Karren writes: My entire life I have looked through a lens – thick glasses as a child and contacts lenses from the age of fourteen.
An extremely myopic world in its often two-dimensional form has shaped my way of being, how I focus on my surroundings, which until the age of five I was unable to see with any clarity. For these crucial years of a child’s development, growing up on a farm in South Africa, I was oblivious to the scale of mountains and trees, baboons in the ravines, to anything that wasn’t right under my nose. My innate facility to piece together what I could see in a harsh terrain helped me then, hence my parents were slow to realise that I was sight impaired, and has stood me in good stead ever since.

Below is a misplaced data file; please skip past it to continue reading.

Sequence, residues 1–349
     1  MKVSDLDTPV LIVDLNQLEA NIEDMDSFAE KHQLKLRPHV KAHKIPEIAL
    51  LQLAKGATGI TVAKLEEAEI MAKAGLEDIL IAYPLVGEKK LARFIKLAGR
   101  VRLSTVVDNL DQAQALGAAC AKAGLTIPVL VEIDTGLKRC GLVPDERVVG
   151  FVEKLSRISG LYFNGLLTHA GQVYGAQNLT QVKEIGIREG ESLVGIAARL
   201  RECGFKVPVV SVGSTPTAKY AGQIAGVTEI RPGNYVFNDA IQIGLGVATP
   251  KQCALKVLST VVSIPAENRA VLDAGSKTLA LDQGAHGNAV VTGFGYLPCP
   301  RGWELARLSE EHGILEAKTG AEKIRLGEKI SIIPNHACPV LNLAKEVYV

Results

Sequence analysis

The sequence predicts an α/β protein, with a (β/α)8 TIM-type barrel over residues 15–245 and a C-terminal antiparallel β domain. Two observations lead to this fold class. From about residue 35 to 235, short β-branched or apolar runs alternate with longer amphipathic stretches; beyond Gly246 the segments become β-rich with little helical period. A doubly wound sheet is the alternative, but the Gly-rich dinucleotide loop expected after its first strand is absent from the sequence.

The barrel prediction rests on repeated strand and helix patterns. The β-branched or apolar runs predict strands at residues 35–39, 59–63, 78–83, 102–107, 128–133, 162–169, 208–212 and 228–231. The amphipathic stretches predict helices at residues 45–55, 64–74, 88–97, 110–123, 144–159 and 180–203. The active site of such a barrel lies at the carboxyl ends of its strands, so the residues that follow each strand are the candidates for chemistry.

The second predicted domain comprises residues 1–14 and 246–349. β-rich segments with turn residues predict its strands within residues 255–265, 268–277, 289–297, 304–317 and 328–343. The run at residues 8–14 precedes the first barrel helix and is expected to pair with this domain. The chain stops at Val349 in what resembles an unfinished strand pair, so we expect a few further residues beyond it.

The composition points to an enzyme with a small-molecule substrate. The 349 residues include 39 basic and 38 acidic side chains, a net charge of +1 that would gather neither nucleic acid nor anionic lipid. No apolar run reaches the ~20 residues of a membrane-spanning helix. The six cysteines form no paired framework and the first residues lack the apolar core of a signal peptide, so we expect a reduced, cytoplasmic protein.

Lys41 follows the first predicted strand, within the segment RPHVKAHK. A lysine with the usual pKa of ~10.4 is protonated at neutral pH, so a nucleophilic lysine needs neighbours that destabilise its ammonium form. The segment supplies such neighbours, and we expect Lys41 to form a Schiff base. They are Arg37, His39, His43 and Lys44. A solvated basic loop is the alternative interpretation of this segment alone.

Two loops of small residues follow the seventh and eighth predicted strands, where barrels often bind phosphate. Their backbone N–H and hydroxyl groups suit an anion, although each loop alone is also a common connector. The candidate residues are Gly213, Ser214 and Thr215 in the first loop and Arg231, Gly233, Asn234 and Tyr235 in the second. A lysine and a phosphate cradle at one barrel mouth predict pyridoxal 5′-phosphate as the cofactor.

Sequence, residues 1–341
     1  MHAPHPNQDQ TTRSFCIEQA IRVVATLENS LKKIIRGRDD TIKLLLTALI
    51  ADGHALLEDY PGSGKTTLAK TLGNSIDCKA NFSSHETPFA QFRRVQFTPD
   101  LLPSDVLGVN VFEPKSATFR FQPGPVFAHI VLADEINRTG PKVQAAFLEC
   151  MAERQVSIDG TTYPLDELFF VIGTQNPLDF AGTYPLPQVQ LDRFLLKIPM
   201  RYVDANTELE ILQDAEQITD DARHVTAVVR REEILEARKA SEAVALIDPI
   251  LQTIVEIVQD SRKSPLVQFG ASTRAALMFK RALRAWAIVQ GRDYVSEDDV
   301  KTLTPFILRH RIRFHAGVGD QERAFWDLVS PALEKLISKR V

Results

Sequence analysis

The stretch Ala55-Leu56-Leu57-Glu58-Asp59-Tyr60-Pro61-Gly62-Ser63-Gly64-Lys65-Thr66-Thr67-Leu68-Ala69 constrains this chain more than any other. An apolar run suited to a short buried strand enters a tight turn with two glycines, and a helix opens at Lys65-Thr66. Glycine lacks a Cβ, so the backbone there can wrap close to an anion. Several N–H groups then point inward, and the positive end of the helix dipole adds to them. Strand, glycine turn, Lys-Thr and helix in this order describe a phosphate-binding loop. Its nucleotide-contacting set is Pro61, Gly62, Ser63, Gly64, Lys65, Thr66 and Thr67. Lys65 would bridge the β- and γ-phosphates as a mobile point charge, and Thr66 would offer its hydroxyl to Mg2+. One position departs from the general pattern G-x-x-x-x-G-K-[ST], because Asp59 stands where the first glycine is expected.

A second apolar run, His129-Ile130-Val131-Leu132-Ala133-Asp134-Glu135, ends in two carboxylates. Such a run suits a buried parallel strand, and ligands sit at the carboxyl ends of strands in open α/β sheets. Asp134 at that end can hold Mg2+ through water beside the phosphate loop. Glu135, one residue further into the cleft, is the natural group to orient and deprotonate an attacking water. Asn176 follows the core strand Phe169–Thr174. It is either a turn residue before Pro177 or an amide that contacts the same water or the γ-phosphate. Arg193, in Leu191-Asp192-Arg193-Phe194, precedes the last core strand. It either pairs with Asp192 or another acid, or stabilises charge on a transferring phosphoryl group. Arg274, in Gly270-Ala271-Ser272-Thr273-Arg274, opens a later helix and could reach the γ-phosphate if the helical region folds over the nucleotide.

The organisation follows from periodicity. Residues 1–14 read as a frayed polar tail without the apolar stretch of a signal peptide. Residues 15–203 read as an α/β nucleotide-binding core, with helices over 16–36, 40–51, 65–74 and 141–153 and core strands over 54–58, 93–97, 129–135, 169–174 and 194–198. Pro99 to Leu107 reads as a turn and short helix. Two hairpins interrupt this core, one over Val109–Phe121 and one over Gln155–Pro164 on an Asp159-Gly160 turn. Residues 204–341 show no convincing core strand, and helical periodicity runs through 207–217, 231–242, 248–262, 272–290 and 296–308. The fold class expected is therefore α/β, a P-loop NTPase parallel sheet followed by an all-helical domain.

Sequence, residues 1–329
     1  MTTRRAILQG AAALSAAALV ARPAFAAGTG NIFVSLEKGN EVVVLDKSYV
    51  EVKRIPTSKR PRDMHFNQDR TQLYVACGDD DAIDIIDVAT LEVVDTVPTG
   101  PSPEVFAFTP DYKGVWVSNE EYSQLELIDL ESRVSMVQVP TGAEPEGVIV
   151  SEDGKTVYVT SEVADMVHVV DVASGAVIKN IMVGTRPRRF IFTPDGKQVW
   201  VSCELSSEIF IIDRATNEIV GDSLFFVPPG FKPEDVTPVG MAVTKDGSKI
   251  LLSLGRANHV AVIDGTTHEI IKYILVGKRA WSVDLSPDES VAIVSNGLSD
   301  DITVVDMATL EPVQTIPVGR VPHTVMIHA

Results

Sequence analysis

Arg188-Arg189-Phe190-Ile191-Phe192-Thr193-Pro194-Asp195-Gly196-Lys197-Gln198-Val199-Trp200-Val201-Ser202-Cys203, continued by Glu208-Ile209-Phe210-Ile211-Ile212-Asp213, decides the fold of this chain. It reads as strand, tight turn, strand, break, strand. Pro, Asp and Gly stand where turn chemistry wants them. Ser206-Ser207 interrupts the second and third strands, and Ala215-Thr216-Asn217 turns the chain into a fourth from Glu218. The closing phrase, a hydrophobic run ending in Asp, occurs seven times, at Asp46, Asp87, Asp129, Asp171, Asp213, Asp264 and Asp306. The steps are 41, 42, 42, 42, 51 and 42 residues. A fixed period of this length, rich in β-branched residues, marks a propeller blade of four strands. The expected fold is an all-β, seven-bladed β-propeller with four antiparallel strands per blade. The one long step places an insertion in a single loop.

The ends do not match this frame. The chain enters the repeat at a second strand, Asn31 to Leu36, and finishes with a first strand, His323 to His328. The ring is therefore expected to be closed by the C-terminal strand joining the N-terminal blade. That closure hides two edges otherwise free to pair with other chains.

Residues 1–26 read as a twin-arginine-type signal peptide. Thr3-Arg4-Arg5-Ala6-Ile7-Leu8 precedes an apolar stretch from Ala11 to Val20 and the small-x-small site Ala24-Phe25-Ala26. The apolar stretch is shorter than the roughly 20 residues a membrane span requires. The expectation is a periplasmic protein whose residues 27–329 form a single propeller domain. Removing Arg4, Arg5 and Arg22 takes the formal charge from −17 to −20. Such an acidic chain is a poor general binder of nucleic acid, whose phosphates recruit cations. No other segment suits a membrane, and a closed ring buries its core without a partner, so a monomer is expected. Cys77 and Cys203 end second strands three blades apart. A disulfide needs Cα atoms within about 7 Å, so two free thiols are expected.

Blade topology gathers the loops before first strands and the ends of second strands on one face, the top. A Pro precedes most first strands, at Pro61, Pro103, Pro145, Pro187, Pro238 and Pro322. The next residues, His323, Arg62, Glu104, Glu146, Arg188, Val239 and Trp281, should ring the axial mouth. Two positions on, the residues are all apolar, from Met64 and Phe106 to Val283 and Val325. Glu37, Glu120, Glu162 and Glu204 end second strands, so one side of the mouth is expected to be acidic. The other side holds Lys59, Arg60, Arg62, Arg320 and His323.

The day I received my first pair of glasses I saw flowers, birds, a mountaineer on a hike. The utter joy of seeing has lasted my entire life. It is this emerging from a blur and confusion that I believe may have equipped me to photograph children, and in particular children with impairments. It may seem many of these children are in their own worlds, as it felt for me in the first years of my life. I look for the connections that they are making and I try to photograph this essential human desire to be affirmed by others.
My website www.karrenvisser.com shows these photographs. It is my hope that this work may be of interest to recipients of Peter Limbrick’s TAC Interconnections Bulletin, and that I too may have a constructive role in “promoting teamwork around babies, children and young people who are disabled, marginalised or vulnerable”.
Karren Visser, 25 October 2017
Photo ©: Karren Visser
A block of flats in Kenya’s coastal red light district called Mtwapa was home to the boy, his beautiful mother, his aunt, and cousin. He ran in and out of the flat into a secluded courtyard, all the time looking up at the sky. I noticed only women staying in the block. With a great deal of affection they kept an eye on the boy dressed in French soccer kit.